Christine Lagarde, leader of the IMF. Her appearance here in no way is meant to be qualitative value judgement.
One could always compare the RMB to any currency. You could arbitrarily change the currencies in the IMF’s measure with no consequence, but alas, this was another sign of a changing time: an America in retreat, a China on the rise.
The Illusion of Great Power
America has protected Asia’s flourishing economies fighting against Japanese, Chinese, Korean, and Soviet aggression. Most begrudgingly, America has opened domestic markets to exports in ways those aggressors would never reciprocate.
When negotiating the return of Okinawa to Japan in 1972, America had two wishes: a commitment to keep American troops in Japan and a promise to limit textile imports to the United States. Presidents Eisenhower, Kennedy, and Nixon had to fight against Japanese textile imports. Presidents Ford and Carter restrained specialty steels and color TV sets respectively. America has often been used by allies to structure high investment growth models in East Asia. Donald Trump, however obtuse, is not the first president to be unhappy with the economic commitment America has made and their accompanying bilateral trade deficits. If anything, every American president since the end of the war has expressed grief at East Asian ally development models.
China continues to build military outposts in the South China Sea
Japan, China, and the United States were aligned strategically, agreeing on the primacy of the Soviet threat soon after world war two, but there was never agreement regarding economics or best business practices. America continued the economic bargain it guaranteed which is to absorb abundant, and even of excess, capital, driven by high savings and weak demand, however that bargain made sense when trying to keep East Asian allies stable, building necessary capabilities after the war. Why should America extend this agreement to a country that is unhelpful of North Korea, a country that threatens America with nuclear destruction. Why should America extend this agreement to a country that has an abhorrent human rights record, recently arresting A Swedish Citizen in China because of human rights agitations, arresting and beating human rights lawyers, and being the first country since Nazi Germany to kill a noble peace prize winner, Liu Xiaobo. China has shown itself not to be a leader. China has shown itself to be an authoritarian bully. China is only suitable to lead in symbolic situations.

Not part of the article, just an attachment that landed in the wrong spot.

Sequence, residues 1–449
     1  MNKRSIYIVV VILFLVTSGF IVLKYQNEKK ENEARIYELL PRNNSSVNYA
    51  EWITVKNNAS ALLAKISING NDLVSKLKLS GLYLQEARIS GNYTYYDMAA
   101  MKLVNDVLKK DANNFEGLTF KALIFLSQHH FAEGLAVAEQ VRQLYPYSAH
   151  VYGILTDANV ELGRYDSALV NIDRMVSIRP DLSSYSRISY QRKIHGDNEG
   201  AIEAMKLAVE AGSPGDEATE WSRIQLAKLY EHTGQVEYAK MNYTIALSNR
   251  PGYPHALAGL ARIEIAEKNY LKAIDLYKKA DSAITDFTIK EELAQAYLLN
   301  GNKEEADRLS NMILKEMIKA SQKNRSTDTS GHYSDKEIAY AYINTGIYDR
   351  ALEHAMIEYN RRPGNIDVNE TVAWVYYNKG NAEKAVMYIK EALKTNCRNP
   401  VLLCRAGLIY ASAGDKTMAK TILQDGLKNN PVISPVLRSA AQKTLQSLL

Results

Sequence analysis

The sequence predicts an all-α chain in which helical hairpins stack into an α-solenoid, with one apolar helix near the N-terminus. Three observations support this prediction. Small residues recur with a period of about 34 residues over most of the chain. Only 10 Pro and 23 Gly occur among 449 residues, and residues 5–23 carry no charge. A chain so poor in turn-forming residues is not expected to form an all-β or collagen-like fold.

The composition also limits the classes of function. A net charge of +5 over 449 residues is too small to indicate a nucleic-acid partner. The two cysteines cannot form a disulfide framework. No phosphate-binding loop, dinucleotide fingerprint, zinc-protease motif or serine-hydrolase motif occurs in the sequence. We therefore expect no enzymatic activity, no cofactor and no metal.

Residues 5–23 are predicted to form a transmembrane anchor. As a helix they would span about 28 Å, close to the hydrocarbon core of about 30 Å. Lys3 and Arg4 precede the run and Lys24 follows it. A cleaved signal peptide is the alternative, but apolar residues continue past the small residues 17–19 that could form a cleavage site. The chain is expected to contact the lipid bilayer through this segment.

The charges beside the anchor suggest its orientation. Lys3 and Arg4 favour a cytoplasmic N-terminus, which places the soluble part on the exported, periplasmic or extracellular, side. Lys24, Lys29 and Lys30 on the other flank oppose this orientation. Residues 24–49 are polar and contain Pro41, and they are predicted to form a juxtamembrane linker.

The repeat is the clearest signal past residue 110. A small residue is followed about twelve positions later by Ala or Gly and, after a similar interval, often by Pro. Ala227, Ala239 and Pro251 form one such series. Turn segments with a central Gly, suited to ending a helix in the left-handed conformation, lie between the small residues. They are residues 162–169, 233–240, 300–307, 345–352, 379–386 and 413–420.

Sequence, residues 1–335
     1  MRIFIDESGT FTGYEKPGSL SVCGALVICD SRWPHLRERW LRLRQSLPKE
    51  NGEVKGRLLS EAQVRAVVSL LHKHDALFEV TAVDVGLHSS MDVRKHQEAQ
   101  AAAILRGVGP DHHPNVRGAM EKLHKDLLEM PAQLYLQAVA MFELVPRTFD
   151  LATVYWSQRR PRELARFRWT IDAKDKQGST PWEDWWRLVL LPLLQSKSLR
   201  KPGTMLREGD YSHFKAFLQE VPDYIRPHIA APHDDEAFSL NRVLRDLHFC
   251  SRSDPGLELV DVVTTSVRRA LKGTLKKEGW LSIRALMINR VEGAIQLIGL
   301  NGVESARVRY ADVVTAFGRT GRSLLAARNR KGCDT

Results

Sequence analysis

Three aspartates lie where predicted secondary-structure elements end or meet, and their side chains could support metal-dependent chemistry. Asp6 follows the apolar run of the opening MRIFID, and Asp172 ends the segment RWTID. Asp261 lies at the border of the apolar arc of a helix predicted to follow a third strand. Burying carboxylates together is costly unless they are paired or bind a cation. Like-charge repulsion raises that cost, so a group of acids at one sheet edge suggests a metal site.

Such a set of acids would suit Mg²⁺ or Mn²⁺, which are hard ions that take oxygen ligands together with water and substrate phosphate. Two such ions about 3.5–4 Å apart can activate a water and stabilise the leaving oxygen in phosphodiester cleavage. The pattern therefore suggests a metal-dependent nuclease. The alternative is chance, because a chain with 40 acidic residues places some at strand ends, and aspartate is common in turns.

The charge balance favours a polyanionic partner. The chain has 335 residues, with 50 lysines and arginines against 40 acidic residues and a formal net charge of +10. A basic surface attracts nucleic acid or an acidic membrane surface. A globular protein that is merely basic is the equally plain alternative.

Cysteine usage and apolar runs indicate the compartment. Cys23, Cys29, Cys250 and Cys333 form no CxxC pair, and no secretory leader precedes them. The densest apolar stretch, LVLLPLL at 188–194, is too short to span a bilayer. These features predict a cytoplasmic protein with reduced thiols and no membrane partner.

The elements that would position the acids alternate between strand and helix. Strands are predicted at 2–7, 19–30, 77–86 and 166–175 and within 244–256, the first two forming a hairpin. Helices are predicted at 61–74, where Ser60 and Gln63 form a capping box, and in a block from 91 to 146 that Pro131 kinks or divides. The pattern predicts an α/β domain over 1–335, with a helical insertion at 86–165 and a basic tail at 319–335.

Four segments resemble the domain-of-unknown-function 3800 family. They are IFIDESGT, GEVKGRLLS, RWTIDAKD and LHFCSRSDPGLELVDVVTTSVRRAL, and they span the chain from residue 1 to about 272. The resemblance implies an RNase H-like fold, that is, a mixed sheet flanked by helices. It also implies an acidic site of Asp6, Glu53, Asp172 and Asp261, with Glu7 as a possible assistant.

I loathe Donald Trump, however it is intuitive to re-examine Cold War commitments that were made to the free world now that the Cold War is over. It is more intuitive to not make those commitments to the world that isn’t free. Furthermore, rejecting the Trans-Pacific Partnership (which I am vehemently against), Paris Climate Accord, or UNESCO should not mean the rejection altogether by Washington of the very idea of a stable, rules-based trading system, because America is the only country able to absorb East Asian imbalances. America is the only country that can be the linchpin to these surpluses, however I cannot see how East Asian allies that also run surpluses will be willing to raise domestic demand by reducing savings in an effort to pressure China.
The consequence of a U.S. withdrawal from global governance, in other words, is unlikely to be an orderly, rules-based global trading system in which leadership has shifted from Washington to Beijing. Far more likely is a return to the pre–Bretton Woods days of trade conflict and beggar-thy-neighbor policies, and beggar-thy-neighbor policies have been a staple among East Asian countries since the war’s end.